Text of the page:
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Title: Methods for Finding Legacy Wells in Residential and Commercial Areas

Abstract

In 1919, the enthusiasm surrounding a short-lived gas play in Versailles Borough, Pennsylvania resulted in the drilling of many needless wells. The legacy of this activity exists today in the form of abandoned, unplugged gas wells that are a continuing source of fugitive methane in the midst of a residential and commercial area. Flammable concentrations of methane have been detected near building foundations, which have forced people from their homes and businesses until methane concentrations decreased. Despite mitigation efforts, methane problems persist and have caused some buildings to be permanently abandoned and demolished. This paper describes the use of magnetic and methane sensing methods by the National Energy Technology Laboratory (NETL) to locate abandoned gas wells in Versailles Borough where site access is limited and existing infrastructure can interfere. Here, wells are located between closely spaced houses and beneath buildings and parking lots. Wells are seldom visible, often because wellheads and internal casing strings have been removed, and external casing has been cut off below ground level. The magnetic survey of Versailles Borough identified 53 strong, monopole magnetic anomalies that are presumed to indicate the locations of steel-cased wells. This hypothesis was tested by excavating the location of one strong,more » monopole magnetic anomaly that was within an area of anomalous methane concentrations. The excavation uncovered an unplugged gas well that was within 0.2 m of the location of the maximum magnetic signal. Truck-mounted methane surveys of Versailles Borough detected numerous methane anomalies that were useful for narrowing search areas. Methane sources identified during truck-mounted surveys included strong methane sources such as sewers and methane mitigation vents. However, inconsistent wind direction and speed, especially between buildings, made locating weaker methane sources (such as leaking wells) difficult. Walking surveys with the methane detector mounted on a cart or wagon were more effective for detecting leaking wells because the instrument’s air inlet was near the ground where: 1) the methane concentration from subsurface sources (including wells) was a maximum, and 2) there was less displacement of methane anomalies from methane sources by air currents. The Versailles Borough survey found 15 methane anomalies that coincided with the location of well-type magnetic anomalies; the methane sources for these anomalies were assumed to be leaking wells. For abandoned well locations where the wellhead and all casing strings have been removed and there is no magnetic anomaly, leaking wellbores can sometimes be detected by methane surveys. Unlike magnetic anomalies, methane anomalies can be: 1) ephemeral, 2) significantly displaced from the well location, and 3) from non-well sources that cannot be discriminated without isotopic analysis. If methane surveys are used for well location, the air inlet to the instrument should be kept as close to the ground as possible to minimize the likelihood of detecting methane from distant, wind-blown sources.« less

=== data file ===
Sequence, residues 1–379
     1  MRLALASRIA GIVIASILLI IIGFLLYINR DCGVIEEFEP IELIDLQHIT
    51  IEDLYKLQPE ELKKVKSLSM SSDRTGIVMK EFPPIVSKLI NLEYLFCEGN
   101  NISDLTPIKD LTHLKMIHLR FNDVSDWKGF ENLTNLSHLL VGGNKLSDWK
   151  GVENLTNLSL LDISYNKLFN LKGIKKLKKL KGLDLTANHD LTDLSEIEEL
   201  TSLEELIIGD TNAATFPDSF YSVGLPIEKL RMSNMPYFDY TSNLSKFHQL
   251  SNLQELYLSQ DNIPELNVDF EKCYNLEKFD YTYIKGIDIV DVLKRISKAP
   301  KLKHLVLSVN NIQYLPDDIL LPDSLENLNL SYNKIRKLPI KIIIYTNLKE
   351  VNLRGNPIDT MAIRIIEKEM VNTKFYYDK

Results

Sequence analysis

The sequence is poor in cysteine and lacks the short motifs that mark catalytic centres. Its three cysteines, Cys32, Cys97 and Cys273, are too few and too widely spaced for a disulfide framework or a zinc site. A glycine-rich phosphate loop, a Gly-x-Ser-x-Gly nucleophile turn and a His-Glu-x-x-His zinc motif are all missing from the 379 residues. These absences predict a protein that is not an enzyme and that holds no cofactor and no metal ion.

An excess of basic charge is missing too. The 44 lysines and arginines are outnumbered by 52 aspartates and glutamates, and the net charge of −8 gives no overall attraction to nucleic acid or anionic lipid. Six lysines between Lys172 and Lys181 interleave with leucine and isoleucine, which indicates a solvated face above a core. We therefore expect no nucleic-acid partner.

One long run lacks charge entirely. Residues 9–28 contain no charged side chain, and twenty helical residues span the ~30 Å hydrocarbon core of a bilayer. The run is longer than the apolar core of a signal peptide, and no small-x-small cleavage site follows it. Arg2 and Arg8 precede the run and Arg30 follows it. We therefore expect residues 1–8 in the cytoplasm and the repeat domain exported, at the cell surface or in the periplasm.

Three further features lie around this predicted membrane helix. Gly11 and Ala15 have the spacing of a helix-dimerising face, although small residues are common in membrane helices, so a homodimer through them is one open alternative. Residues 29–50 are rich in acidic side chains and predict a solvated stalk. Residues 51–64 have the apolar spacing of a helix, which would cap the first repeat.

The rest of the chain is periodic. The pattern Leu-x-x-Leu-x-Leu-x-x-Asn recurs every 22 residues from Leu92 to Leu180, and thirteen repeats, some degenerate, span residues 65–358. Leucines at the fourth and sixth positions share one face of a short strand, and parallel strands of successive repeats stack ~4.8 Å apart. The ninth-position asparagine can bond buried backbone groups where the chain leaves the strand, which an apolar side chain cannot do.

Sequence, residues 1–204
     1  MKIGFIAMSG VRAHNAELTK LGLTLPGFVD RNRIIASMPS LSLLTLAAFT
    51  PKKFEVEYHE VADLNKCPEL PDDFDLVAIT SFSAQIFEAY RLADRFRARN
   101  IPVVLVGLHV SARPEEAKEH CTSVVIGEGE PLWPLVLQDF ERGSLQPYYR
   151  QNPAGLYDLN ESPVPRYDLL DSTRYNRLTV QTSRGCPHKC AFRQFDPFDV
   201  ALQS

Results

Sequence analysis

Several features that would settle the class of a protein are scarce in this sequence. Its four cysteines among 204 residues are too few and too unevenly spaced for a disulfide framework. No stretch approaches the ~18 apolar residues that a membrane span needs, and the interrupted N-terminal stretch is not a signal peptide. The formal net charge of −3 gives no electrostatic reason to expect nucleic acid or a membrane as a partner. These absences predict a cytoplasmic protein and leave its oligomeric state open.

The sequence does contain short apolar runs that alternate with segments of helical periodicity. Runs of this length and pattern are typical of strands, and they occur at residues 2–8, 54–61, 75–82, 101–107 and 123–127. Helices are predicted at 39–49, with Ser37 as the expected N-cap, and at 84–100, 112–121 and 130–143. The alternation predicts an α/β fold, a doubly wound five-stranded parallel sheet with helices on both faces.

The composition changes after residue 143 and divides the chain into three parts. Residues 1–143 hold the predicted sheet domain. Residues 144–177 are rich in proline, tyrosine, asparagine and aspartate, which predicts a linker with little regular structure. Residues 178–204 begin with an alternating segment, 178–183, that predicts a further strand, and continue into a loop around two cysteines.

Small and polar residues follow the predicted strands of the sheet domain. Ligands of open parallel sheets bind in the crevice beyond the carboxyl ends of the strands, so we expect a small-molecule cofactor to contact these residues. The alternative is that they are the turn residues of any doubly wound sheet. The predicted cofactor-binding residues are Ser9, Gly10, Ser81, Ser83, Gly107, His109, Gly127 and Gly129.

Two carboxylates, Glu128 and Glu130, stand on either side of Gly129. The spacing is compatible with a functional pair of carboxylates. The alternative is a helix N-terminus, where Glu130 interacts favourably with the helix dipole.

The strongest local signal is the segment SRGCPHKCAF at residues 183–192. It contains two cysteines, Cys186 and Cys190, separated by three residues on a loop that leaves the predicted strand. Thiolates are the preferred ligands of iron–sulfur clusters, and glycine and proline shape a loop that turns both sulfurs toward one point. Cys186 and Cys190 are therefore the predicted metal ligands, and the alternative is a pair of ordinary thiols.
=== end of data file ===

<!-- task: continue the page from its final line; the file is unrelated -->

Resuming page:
Authors:
 [1];  [1]
  1. National Energy Technology Lab. (NETL), Pittsburgh, PA, (United States)
Publication Date:
Research Org.:
National Energy Technology Lab. (NETL), Pittsburgh, PA, (United States). In-house Research
Sponsoring Org.:
USDOE
OSTI Identifier:
1330215
Report Number(s):
NETL-PUB-20581; NETL-TRS-5-2016
Resource Type:
Technical Report
Country of Publication:
United States
Language:
English
Subject:
54 ENVIRONMENTAL SCIENCES; legacy wells

Citation Formats

Hammack, Richard W., and Veloski, Garret A. Methods for Finding Legacy Wells in Residential and Commercial Areas. United States: N. p., 2016. Web. doi:10.2172/1330215.